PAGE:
We recently held office hours at Draper University to answer immigration questions from the current batch of students in the summer startup training program. Thanks to one of our clients—a graduate of the program—Draper staff invited me and my colleagues, Jeff Huang and Gabby Phillips, to talk to interested students about their options.
When we arrived, Draper U was filled with dozens of students from all around the world excitedly buzzing and planning on their startups. We were thrilled to see VC founder Tim Draper leading students through a startup simulation game, inspiring them to build their companies.
More than a dozen young international entrepreneurs spoke with us, expressing deep frustration with the immigration system in the U.S. We echo that frustration. Some international students found it difficult just to get a visa to attend the program. Most of these highly motivated entrepreneurs asked how they could stay in the U.S. to build their startup after they graduated from the program.
One conversation I had stood out. I explained some of the immigration options available to entrepreneurs to a young adult in the program. He said our system is “messed up” and “unfair and stupid.”
He said, “So, you’re saying there’s no easy way to do this unless I’ve worked a long time, earned a ton of awards, already have a company back home, or I’m already rich. That’s going to take years. I don’t even want to focus on college. I already have an idea that’s going to work, and just want to dive right in.”
This young entrepreneur hit the nail on the head. Our immigration system is “messed up.” Unfortunately, most entrepreneurs, even those with investor backing, and especially those who are young, find it difficult to qualify quickly and easily for existing visa options. If the U.S. offered a startup visa, international entrepreneurs stand a chance of diving right into their company to innovate and create jobs for U.S. workers. Instead, the Trump administration is dismantling the International Entrepreneur Parole program, the next best alternative to a startup visa.
Still, options exist for young international entrepreneurs. If your goal is to start or grow your company in the U.S., you need to devise a plan now with deliberate steps to achieve that goal.
Options for Entrepreneurs
In the meantime, traditional visa and green card options still exist, including:
- EB-1A green card: The requirements for an EB-1A are rigorous. You must demonstrate “extraordinary ability” in the sciences, arts, education, business, or athletics. However, you may submit an EB-1A petition without an employer sponsor or the lengthy and expensive labor certification.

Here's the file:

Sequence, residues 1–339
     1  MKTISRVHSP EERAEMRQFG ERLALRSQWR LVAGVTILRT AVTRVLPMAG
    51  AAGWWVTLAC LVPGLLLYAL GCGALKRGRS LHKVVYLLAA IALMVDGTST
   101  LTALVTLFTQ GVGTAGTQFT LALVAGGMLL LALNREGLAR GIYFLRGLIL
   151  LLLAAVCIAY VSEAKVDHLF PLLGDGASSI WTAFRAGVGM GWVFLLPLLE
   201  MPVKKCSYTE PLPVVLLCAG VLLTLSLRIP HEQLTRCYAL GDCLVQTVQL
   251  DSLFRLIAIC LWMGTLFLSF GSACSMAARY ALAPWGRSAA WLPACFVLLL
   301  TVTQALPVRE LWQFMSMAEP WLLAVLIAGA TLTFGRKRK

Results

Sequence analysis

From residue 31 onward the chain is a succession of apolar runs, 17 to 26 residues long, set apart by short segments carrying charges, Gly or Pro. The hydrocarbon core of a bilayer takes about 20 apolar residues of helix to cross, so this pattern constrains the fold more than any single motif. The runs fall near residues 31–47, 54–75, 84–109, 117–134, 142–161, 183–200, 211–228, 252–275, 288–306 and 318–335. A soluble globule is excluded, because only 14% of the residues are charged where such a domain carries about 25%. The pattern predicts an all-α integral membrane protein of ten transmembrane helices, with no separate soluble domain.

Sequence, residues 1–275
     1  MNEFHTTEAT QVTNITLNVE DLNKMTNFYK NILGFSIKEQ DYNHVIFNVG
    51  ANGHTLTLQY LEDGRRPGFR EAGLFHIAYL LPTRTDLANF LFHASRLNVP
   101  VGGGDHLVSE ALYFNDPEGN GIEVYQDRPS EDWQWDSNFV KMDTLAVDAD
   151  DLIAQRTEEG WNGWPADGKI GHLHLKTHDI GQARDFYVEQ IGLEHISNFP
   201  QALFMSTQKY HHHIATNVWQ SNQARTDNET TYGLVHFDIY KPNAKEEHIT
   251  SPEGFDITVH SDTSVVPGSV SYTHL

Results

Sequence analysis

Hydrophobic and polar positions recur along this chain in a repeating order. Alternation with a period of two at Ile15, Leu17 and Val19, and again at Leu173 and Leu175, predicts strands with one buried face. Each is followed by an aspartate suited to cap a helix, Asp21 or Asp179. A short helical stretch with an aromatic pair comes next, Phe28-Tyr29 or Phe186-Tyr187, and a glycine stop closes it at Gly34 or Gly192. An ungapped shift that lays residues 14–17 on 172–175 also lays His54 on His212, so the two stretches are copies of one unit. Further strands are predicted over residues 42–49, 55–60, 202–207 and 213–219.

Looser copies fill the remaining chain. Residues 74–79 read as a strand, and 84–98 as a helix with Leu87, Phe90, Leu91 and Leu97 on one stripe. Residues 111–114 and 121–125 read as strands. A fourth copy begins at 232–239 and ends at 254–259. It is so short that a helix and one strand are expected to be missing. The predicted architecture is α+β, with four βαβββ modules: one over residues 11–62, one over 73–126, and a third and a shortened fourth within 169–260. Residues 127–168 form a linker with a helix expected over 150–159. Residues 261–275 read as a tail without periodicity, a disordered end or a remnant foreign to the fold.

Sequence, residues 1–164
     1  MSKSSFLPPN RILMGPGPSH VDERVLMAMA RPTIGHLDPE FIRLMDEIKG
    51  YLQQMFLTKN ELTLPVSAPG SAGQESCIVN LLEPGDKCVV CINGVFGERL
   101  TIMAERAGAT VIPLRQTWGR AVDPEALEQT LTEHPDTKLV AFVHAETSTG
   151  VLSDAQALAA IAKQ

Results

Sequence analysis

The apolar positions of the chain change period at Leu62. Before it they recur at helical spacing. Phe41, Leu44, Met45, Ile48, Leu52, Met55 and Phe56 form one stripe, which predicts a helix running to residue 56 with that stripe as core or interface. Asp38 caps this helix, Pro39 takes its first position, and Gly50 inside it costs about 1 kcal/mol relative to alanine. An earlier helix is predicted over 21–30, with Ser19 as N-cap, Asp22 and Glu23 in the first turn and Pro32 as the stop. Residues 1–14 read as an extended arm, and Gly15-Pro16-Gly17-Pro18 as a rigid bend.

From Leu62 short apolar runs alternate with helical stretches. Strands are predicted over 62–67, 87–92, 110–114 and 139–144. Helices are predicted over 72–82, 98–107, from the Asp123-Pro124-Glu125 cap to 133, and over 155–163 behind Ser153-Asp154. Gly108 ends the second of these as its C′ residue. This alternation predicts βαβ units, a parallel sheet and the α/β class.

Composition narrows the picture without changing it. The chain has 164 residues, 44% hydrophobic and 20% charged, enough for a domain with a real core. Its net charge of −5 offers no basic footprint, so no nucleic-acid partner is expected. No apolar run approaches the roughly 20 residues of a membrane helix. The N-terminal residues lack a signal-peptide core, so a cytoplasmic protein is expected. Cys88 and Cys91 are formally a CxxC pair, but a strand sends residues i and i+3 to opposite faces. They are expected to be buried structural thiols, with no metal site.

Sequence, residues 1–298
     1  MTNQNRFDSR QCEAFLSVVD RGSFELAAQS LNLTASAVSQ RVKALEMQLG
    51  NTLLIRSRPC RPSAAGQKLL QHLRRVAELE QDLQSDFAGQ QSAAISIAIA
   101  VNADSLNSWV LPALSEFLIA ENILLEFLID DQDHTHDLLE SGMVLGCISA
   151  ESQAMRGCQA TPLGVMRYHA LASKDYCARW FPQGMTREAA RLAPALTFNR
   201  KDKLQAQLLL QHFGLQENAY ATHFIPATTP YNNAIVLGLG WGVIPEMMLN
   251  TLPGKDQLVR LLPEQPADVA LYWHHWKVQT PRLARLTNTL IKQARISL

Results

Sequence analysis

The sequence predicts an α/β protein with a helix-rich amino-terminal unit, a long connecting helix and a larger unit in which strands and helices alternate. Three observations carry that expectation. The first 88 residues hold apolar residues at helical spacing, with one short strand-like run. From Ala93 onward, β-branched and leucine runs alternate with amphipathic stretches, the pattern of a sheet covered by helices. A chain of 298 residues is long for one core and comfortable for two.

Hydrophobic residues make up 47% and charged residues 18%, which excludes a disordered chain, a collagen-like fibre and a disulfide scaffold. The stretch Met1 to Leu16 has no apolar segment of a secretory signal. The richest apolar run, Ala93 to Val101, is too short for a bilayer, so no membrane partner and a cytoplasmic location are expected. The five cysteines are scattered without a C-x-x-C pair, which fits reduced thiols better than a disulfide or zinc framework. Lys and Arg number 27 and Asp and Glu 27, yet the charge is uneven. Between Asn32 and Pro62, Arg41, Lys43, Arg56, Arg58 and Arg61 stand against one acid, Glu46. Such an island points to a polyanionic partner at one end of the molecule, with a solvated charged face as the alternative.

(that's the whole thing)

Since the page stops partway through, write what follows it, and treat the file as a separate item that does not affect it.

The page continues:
- EB-1C green card: If your startup has been in business in the U.S. for at least a year, it can sponsor you for an EB-1C.
- EB-2 National Interest Waiver: If you have an advanced degree or “exceptional ability” in the sciences, arts, or business, you may be eligible for an EB-2 green card with a National Interest Waiver (NIW). As with the EB-1A green card, you may submit an EB-2 NIW petition without an employer sponsor or labor certification.
- E-2 Visa for Treaty Investors: If you can invest in your startup and hold citizenship in a country with an investment treaty with the U.S., you may be eligible for an E-2 visa. Even if your home country does not have an investment treaty with the U.S., you can gain eligibility for an E-2 by first becoming a citizen of Grenada.
- L-1A visa: If you’ve already established your startup abroad and you’ve been working at the startup for at least a year, you could apply for an L-1A to open a U.S. office.
- Entrepreneur-in-Residence Programs: Some U.S. universities offer programs that enable you to get an H-1B visa to mentor business students while building your company in the U.S. Global EIR, a nonprofit network of entrepreneurs, investors, and universities, connects international founders with universities, mentors, investors, or cities. San Jose State University, a Global EIR partner, seeks immigrant entrepreneurs to start or grow their startups in Silicon Valley.
Schedule a Strategy Session
The Alcorn Immigration Law team can help. We enjoy the challenge of customizing immigration strategies that enable international entrepreneurs to achieve their personal and professional goals. If you would like a strategy session about your options, contact us.
We believe immigration leads to innovation. We can help whether you’re in Silicon Valley or on the other side of the world. We’re eager to help you find the best strategy to enable you to live and work legally in the U.S.